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Quantifying progressive anterior overgrowth in the thoracic vertebrae of adolescent idiopathic scoliosis patients a sequential magnetic resonance imaging study

Newell, Nicolas, Grant, Caroline A., Keenan, Bethany, Izatt, Maree T., Pearcy, Mark J. and Adam, Clayton J. 2016. Quantifying progressive anterior overgrowth in the thoracic vertebrae of adolescent idiopathic scoliosis patients a sequential magnetic resonance imaging study. Spine 41 (7) , E382-E387. 10.1097/BRS.0000000000001265

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Abstract

STUDY DESIGN: Anterior and posterior vertebral body heights were measured from sequential magnetic resonance imaging (MRI) scans of adolescent idiopathic scoliosis (AIS) patients and healthy controls. OBJECTIVE: To measure changes in vertebral body height over time during scoliosis progression to assess how vertebral body height discrepancies change during growth. SUMMARY OF BACKGROUND DATA: Relative anterior overgrowth has been proposed as a potential driver for AIS initiation and progression. This theory proposes that the anterior column grows faster, and the posterior column slower, in AIS patients when compared with healthy controls. There is a disagreement in the literature as to whether the anterior vertebral body heights are proportionally greater than posterior vertebral body heights in AIS patients when compared with healthy controls. To some extent, these discrepancies may be attributed to methodological differences. METHODS: MRI scans of the major curve of 21 AIS patients (mean age 12.5 ± 1.4 years, mean Cobb 32.2 ± 12.8 degrees) and between T4 and T12 of 21 healthy adolescents (mean age 12.1 ± 0.5 years) were captured for this study. Of the 21 AIS patients, 14 had a second scan on average 10.8 ± 4.7 months after the first. Anterior and posterior vertebral body heights were measured from the true sagittal plane of each vertebra such that anterior overgrowth could be quantified. RESULTS: The difference between anterior and posterior vertebral body height in healthy, nonscoliotic children was significantly greater than in AIS patients with mild to moderate scoliosis. There was; however, no significant relationship between the overall anterior-posterior vertebral body height difference in AIS and either severity of the curve or its progression over time. CONCLUSION: Whilst AIS patients have a proportionally longer anterior column than nonscoliotic controls, the degree of anterior overgrowth was not related to the rate of progression or the severity of the scoliotic curve.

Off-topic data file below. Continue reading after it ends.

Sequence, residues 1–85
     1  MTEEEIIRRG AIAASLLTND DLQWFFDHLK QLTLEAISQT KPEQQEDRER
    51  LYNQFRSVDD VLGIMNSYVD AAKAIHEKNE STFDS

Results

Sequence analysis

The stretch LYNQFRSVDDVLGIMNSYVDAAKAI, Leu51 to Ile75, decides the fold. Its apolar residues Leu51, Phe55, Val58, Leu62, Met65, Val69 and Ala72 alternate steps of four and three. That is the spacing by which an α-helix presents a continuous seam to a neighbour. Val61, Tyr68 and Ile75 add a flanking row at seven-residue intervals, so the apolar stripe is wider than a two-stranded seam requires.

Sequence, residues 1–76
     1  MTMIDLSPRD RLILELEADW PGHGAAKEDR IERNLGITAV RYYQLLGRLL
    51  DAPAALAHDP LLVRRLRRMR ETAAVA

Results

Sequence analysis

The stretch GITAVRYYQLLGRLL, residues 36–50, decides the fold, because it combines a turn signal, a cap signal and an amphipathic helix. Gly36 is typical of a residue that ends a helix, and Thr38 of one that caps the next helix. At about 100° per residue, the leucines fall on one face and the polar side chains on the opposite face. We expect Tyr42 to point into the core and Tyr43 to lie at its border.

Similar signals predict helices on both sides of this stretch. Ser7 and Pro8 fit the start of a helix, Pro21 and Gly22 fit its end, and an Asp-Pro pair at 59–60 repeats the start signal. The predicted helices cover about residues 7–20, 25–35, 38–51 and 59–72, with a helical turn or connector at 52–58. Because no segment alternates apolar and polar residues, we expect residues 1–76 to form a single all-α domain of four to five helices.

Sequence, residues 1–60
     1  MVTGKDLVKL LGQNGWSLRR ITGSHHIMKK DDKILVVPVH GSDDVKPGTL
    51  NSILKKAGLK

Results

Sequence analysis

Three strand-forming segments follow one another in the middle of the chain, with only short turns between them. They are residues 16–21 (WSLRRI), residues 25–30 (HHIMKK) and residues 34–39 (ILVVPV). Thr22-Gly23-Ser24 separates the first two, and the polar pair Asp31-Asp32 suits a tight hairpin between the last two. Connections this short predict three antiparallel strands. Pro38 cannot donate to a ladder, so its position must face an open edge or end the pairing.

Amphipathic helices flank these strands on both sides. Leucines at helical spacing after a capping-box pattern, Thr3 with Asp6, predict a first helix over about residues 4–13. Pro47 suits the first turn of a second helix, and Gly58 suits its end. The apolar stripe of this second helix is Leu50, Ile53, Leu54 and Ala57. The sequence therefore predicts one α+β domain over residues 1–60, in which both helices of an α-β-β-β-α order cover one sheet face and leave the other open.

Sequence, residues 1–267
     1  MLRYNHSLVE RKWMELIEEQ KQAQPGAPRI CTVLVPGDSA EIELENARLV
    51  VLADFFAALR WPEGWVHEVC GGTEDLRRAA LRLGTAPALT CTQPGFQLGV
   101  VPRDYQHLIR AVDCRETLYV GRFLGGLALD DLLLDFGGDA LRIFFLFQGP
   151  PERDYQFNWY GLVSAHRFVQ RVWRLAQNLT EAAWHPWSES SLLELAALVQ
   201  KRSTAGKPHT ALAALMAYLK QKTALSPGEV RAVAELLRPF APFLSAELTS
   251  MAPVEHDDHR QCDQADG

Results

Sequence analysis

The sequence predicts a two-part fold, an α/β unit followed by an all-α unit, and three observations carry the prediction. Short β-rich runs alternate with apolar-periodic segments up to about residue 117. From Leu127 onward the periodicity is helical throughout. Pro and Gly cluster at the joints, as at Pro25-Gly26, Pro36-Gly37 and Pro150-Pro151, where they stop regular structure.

Item Type: Article
Date Type: Publication
Status: Published
Schools: Engineering
Medicine
Subjects: R Medicine > R Medicine (General)
Publisher: Lippincott Williams and Wilkins
ISSN: 0362-2436
Date of Acceptance: 15 September 2015
Last Modified: 03 Sep 2019 15:14
URI: http://orca.cf.ac.uk/id/eprint/95018

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